Natural Resources, School of


First Advisor

Mark E. Burbach

Date of this Version



Miller, M., R. (2017). Understanding cigarette butt littering behavior on public beaches: A case study of Jekyll Island, Georgia (Master of Science).


A THESIS Presented to the Faculty of The Graduate College at the University of Nebraska In Partial Fulfillment of Requirements For the Degree of Master of Science, Major: Natural Resource Sciences, Under the Supervision of Professor Mark E. Burbach. Lincoln, Nebraska: August, 2017

Copyright (c) 2017 Maranda R. Miller



The world’s natural environment is degrading, and human behavior is a leading cause. Therefore, in order to address environmental problems it is important to understand the factors driving environmentally degrading behaviors and subsequently design behavioral interventions to alter undesirable behaviors.

One environmental issue of particular concern is toxins leeching from trash. Specifically, cigarette butts are of concern due to their prevalence in the environment. Cigarette butt discarding behavior is affected by personal attributes, but data regarding which personal attributes and how these affect discarding behavior is lacking. This thesis seeks to understand cigarette butt disposal on public beaches by exploring “what influences smokers to improperly discard cigarette butts when visiting a public beach?”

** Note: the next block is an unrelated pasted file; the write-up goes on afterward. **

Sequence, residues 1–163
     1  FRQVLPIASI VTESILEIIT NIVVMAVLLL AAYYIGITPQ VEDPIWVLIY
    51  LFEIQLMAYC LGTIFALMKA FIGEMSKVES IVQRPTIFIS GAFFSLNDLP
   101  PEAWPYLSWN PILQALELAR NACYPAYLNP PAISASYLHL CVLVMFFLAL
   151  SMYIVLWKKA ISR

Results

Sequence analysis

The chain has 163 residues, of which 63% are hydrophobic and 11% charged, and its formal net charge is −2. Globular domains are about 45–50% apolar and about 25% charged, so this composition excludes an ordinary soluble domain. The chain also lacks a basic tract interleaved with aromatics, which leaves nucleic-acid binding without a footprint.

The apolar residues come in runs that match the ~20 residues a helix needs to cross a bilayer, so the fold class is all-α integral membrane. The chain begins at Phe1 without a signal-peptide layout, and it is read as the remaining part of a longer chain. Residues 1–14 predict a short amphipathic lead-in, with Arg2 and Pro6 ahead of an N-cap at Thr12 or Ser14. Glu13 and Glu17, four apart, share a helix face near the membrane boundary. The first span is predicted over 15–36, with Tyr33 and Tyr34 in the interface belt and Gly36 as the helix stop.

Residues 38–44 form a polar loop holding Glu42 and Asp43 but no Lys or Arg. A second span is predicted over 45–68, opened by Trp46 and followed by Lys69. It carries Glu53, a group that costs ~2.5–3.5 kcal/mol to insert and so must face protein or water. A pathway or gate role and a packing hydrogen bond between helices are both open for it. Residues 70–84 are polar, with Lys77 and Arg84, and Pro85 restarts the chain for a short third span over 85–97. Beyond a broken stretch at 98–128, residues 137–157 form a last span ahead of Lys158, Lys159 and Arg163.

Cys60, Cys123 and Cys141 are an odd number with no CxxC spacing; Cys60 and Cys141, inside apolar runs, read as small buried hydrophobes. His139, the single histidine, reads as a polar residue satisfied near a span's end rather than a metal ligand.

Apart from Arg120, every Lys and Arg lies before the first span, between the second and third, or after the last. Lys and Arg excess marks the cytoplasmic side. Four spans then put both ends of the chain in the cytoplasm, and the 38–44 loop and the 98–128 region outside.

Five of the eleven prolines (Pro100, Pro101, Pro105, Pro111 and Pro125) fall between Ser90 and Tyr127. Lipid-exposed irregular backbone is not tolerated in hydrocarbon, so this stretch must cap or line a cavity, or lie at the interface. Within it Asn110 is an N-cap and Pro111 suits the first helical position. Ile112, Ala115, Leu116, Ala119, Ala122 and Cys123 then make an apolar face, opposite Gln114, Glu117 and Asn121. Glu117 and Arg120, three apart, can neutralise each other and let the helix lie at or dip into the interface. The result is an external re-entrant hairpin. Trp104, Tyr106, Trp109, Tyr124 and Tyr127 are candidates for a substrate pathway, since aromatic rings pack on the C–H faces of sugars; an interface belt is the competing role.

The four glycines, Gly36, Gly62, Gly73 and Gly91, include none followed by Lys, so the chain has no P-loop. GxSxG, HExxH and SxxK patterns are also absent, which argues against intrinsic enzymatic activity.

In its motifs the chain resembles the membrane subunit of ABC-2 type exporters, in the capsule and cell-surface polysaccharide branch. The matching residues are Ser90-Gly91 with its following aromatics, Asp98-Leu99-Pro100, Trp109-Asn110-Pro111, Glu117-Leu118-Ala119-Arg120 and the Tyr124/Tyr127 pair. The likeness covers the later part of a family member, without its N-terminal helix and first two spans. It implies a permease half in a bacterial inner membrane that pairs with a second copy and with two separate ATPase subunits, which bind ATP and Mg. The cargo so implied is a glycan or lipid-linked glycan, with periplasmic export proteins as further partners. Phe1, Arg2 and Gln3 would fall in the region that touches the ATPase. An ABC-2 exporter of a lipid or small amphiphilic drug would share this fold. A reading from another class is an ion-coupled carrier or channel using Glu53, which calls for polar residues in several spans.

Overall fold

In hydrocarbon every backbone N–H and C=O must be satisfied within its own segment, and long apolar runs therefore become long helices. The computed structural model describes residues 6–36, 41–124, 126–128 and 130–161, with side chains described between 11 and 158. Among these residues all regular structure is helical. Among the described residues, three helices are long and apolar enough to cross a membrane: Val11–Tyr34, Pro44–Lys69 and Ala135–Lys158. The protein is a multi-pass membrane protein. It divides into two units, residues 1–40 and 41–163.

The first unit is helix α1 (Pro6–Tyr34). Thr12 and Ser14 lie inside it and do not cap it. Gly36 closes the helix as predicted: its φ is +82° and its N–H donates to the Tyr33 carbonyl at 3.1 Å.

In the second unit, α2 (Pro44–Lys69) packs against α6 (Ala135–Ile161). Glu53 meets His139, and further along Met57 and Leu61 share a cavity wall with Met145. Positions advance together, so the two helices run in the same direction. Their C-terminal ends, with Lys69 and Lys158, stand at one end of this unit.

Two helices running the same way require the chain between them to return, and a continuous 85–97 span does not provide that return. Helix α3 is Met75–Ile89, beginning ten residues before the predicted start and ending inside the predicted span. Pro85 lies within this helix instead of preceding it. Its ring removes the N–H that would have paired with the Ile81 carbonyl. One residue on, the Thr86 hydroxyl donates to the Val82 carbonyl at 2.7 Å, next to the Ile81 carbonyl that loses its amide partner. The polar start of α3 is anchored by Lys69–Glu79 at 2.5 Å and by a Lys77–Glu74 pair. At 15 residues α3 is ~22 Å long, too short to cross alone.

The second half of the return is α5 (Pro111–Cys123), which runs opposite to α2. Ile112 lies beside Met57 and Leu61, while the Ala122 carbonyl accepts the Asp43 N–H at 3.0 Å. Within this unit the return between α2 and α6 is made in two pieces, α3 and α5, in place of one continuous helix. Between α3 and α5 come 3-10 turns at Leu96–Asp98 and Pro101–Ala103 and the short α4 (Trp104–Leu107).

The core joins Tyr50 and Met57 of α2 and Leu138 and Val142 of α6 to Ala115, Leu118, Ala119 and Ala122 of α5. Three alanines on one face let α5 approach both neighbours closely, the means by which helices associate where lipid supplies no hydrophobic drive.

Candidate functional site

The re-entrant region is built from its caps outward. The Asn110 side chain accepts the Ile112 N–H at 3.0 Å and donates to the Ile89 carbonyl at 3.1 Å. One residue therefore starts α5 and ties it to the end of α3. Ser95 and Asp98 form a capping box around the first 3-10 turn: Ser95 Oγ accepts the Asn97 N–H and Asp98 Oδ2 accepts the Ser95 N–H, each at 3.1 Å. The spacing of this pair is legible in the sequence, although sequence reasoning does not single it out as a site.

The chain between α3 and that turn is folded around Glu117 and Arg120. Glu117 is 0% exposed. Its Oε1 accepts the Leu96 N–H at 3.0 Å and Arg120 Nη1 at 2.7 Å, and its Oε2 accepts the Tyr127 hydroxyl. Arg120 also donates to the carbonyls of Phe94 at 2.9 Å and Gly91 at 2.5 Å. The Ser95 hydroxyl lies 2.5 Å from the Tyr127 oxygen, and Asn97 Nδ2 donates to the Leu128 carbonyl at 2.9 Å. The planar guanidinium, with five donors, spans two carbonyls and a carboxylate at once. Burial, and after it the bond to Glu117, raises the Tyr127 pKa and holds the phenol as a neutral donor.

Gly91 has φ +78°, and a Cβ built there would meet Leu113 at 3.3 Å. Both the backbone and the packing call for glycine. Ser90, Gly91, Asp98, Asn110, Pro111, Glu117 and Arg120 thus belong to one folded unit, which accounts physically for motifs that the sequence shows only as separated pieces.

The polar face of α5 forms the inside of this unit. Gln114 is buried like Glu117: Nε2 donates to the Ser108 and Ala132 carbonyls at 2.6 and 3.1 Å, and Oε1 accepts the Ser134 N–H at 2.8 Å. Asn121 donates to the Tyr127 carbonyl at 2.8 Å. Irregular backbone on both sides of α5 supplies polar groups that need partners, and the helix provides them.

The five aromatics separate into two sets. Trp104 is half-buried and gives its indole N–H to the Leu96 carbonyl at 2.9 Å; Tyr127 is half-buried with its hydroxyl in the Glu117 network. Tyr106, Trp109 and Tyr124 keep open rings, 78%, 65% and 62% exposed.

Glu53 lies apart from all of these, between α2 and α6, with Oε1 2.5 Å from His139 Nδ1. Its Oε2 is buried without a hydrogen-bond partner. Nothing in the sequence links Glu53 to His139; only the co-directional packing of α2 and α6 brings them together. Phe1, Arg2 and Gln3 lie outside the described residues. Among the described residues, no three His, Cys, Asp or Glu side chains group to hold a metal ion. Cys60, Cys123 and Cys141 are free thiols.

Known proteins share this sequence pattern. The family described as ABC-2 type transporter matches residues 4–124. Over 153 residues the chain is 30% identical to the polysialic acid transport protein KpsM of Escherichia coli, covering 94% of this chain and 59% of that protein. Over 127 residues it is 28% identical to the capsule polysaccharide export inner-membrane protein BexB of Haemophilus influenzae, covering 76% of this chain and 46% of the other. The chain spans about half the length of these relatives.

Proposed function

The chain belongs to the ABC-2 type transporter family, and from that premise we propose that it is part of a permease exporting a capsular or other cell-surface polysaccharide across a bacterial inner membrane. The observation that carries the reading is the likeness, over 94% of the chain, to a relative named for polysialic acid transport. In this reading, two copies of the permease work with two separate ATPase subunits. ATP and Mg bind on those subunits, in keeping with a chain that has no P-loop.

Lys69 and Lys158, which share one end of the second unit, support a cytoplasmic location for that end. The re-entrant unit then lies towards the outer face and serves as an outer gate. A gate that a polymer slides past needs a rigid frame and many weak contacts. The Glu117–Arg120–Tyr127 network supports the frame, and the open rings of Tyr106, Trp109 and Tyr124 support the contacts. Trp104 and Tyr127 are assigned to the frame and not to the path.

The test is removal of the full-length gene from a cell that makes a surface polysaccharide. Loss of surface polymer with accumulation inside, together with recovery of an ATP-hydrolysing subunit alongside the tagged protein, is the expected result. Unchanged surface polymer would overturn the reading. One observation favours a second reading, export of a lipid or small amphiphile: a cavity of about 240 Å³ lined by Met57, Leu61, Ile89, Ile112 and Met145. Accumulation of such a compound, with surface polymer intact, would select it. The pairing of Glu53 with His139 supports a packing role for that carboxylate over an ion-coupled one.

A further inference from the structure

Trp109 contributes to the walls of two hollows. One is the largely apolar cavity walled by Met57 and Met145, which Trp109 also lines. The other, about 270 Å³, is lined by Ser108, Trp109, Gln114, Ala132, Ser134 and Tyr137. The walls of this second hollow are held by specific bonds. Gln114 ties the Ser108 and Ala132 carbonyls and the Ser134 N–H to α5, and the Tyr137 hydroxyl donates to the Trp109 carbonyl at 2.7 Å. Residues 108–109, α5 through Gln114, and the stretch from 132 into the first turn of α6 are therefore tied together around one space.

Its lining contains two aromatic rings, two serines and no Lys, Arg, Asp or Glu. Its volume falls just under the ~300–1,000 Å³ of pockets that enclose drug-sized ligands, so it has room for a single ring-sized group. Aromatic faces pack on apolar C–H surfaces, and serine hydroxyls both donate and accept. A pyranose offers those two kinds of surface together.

A mixed mode design utilized quantitative and qualitative data to study improper cigarette butt disposal. A questionnaire was designed to test theories related to place attachment, environmental attitudes, habits, and environmental awareness as predictors of improper cigarette butt disposal. A qualitative inquiry further explored the phenomenon of cigarette butt littering from the participant’s point of view.

Environmental attitudes, environmental awareness, and habits were significant predictors of improper cigarette butt disposal behavior. Interviews illustrated that “improper disposers” experienced themes involving uncertainty that cigarette butts are litter, a lack of knowledge, problems with cigarette receptacles currently in place, the requirement of a conscious choice about how to discard a “butt,” and statements that contradicted the behavior observed. Interviews with “proper disposers” illustrated themes that cigarette butts are litter, awareness of social constructs, cumulative effects of cigarette butts on the beach, minimal obstacles to discarding properly, and feelings of personal responsibility.

Recommendations for decreasing improper cigarette butt disposal include: promoting pro-environmental attitudes, altering habitual improper discarding behaviors, promoting environmental awareness of how cigarette butts negatively impact the environment, minimizing barriers to proper discarding, increasing place attachment, and changing policies about cigarette receptacles on beaches.

Adviser: Mark E. Burbach